We also had the aspara beef (asparagus wrapped in marinated beef):
And my must-order at any izakaya or yakitori place - grilled onigiri (rice balls):
Echizen offers the grilled onigiri with your choice of taste treat nestled in the middle: broiled salmon or shake (pronounced "sha-keh" in Japanese); umeboshi (pickled plum); or kobu (salted seaweed). I ordered one of each so we could all nibble off each hockey-puck-sized onigiri and taste the variety.
The pickled plum was too tart for some at the table, but is a personal favorite of mine (perfect with the rice!), and Ric enjoyed it too, likening it to the sour and salted fruits offered in Mexico - a brilliant comparison.

And the yellow pickled radish served on the side is another homestyle favorite, even among kids, because it's sweet - more like sweet pickles than tart.

Speaking of comparisons, if you ever go to Izakaya Zero, an upscale, modernized izakaya opened in Huntington Beach last year by renowned sushi chef Takashi Abe of Abe and Bluefin fame, try the grilled onigiri. Zero's version is definitely more refined, brought to you in smaller, mini sizes and with a more sophisticated flavor (subtle hints of fish stock in the rice) rather than the hearty teriyaki grilling sauce that provides most of the flavor in traditional grilled onigiri.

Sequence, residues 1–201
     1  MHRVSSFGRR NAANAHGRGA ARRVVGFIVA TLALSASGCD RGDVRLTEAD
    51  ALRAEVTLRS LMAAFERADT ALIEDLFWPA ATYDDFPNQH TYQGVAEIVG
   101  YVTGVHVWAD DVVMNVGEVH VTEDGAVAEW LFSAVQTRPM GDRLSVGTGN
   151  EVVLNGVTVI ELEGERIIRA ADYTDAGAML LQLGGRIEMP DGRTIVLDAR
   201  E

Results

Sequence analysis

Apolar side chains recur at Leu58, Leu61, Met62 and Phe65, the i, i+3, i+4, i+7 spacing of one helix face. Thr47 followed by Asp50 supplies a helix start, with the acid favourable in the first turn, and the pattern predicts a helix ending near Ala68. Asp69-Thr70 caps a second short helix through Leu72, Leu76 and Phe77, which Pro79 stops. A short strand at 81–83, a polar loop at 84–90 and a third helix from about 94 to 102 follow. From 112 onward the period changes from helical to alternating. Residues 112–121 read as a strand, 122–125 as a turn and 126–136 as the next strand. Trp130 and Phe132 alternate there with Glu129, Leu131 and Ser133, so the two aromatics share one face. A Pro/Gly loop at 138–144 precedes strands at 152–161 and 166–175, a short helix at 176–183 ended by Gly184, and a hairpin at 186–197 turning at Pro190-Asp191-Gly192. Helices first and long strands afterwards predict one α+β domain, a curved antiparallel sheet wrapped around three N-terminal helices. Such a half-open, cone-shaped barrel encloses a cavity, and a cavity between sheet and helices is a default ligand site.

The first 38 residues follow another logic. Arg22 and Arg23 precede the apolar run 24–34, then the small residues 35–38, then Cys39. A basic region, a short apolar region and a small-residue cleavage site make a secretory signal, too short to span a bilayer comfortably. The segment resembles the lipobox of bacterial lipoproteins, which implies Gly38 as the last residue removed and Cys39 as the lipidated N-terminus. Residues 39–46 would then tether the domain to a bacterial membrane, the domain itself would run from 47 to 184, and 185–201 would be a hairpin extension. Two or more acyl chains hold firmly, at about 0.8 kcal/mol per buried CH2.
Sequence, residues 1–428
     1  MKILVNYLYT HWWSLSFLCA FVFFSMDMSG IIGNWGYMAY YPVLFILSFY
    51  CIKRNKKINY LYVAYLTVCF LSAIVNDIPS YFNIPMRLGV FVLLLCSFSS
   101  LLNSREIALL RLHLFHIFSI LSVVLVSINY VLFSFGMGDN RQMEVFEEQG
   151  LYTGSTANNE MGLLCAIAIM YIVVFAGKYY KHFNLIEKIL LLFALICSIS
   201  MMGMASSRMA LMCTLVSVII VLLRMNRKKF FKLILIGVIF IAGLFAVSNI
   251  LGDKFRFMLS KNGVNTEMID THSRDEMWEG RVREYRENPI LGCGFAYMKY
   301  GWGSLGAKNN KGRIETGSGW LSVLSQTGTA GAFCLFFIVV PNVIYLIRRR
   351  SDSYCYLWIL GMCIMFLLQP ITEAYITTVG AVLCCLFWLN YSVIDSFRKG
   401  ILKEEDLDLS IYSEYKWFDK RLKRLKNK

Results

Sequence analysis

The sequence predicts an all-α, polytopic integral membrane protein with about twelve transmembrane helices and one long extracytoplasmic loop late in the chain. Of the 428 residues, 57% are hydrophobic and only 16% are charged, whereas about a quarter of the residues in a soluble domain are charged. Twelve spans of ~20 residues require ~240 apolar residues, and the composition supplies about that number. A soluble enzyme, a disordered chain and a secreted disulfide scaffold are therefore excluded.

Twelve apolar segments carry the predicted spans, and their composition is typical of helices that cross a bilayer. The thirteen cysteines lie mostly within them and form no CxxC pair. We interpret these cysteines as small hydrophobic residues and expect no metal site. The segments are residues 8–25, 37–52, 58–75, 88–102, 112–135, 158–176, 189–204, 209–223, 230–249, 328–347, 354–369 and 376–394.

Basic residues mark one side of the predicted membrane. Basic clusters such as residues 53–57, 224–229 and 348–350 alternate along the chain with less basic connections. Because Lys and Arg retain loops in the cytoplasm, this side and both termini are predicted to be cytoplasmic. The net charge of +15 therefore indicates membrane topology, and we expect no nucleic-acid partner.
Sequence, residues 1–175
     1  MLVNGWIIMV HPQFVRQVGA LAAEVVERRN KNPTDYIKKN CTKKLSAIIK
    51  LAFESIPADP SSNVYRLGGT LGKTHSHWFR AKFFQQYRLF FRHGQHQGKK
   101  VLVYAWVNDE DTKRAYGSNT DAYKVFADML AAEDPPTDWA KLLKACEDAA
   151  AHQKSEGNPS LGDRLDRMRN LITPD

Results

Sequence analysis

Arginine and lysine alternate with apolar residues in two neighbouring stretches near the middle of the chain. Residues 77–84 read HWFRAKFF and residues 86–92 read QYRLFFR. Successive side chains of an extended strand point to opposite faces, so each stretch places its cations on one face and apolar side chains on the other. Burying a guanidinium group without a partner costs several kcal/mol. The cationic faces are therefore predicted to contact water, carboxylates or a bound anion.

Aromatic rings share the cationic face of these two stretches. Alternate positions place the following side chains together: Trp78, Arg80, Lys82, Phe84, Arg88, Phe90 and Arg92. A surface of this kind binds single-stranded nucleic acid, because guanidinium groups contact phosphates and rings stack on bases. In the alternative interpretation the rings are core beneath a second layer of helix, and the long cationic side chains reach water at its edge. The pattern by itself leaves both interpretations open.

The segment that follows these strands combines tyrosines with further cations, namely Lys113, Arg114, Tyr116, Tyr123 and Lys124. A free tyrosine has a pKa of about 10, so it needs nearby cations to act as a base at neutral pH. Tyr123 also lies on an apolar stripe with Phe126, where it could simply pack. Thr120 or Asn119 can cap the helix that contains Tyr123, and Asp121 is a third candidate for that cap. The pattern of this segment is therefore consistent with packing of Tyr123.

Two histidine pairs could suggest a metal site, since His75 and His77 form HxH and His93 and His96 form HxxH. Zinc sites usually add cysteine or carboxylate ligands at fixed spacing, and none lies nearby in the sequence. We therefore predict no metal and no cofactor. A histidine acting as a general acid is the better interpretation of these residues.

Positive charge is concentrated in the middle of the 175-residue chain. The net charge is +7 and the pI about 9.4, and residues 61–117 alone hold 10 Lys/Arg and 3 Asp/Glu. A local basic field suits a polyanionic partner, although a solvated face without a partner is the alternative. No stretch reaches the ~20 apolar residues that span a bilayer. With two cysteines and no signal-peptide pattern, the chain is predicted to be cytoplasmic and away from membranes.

The total bill for all these dishes at Echizen (including the stellar sashimi plate, beers and a small bottle of premium sake): $170. Which means each of us in our party of five spent $40 total, which included the tip.
While I think that's an incredibly reasonable price for all that perfectly prepared food and drink (compared to the $70 meals I've enjoyed at fine-dining spots), my parents would actually think I'm a bit crazy to spend even $40 on a meal like this, since you can make all these dishes at home - or just go to my parents' to enjoy it for free.

But Echizen will become my nearby home away from home, when I crave those comfort foods that I don't have the time to make myself. And knowing I can get those dishes executed perfectly with high-quality ingredients, and order whatever I want, is all priceless.

Echizen Japanese Restaurant, 9111 Valley View St., Ste 113, Cypress, CA, 90630.
(714) 828-2155